2. He was beaten (he knew that); but he was not broken. He saw, once for all, that he stood no chance against a man with a club. He had learned the lesson, and in all his after life he never forgot it. That club was a revelation. It was his introduction to the reign of primitive law, and he met the introduction halfway. The facts of life took on a fiercer aspect and, while he faced that aspect uncowed, he faced it with all the latent cunning of his nature aroused.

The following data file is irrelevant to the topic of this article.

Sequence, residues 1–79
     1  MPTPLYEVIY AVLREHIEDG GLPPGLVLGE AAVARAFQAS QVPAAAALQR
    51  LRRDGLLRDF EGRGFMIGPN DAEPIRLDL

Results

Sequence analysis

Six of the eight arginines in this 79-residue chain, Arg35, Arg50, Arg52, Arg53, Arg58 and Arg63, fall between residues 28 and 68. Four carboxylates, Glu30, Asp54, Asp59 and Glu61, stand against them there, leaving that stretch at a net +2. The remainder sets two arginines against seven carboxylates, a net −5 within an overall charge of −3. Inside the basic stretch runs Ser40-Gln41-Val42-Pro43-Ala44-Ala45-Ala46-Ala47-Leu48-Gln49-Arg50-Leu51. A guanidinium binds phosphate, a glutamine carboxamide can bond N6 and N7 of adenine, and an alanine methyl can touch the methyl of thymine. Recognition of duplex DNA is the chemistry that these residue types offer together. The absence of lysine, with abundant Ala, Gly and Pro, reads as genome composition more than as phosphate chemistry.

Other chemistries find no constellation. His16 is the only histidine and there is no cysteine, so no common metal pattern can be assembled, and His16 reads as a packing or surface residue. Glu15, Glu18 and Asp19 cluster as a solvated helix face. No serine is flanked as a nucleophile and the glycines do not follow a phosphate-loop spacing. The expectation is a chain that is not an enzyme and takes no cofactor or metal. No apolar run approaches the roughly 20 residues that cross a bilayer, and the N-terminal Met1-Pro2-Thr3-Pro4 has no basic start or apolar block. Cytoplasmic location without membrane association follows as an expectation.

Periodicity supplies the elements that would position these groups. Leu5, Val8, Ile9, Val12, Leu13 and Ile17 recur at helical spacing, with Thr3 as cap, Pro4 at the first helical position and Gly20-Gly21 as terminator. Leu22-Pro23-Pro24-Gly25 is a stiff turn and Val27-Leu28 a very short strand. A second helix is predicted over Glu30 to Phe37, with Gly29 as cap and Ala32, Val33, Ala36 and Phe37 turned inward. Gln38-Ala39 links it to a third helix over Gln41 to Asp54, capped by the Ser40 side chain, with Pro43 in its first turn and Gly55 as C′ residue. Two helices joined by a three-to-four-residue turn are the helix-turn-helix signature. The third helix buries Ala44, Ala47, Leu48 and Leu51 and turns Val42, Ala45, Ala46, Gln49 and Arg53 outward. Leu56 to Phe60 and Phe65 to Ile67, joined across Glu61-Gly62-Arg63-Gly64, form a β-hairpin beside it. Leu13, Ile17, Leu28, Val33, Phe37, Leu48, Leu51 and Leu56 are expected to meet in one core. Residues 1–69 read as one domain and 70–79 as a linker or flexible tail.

This quotation is taken from late in Chapter I, “Into the Primitive,” just after Buck has been beaten repeatedly by one of his kidnappers. Each time he is clubbed, Buck leaps up to attack again, until finally the man knocks him unconscious. This incident is Buck's introduction to a new way of life, vastly different from the pampered existence that he led in the Santa Clara Valley. There, civilized law, and civilized morality were the ruling forces—symbolized by the fact that his first master, Judge Miller, is a judge. In the wild, though, Buck comes to terms with “the reign of primitive law,” in which might makes right, and a man with a club (or a powerful dog) can do as he pleases to weaker creatures. In this scene, Buck is mastered by the man with the club, but he learns his lesson well and soon comes to master others.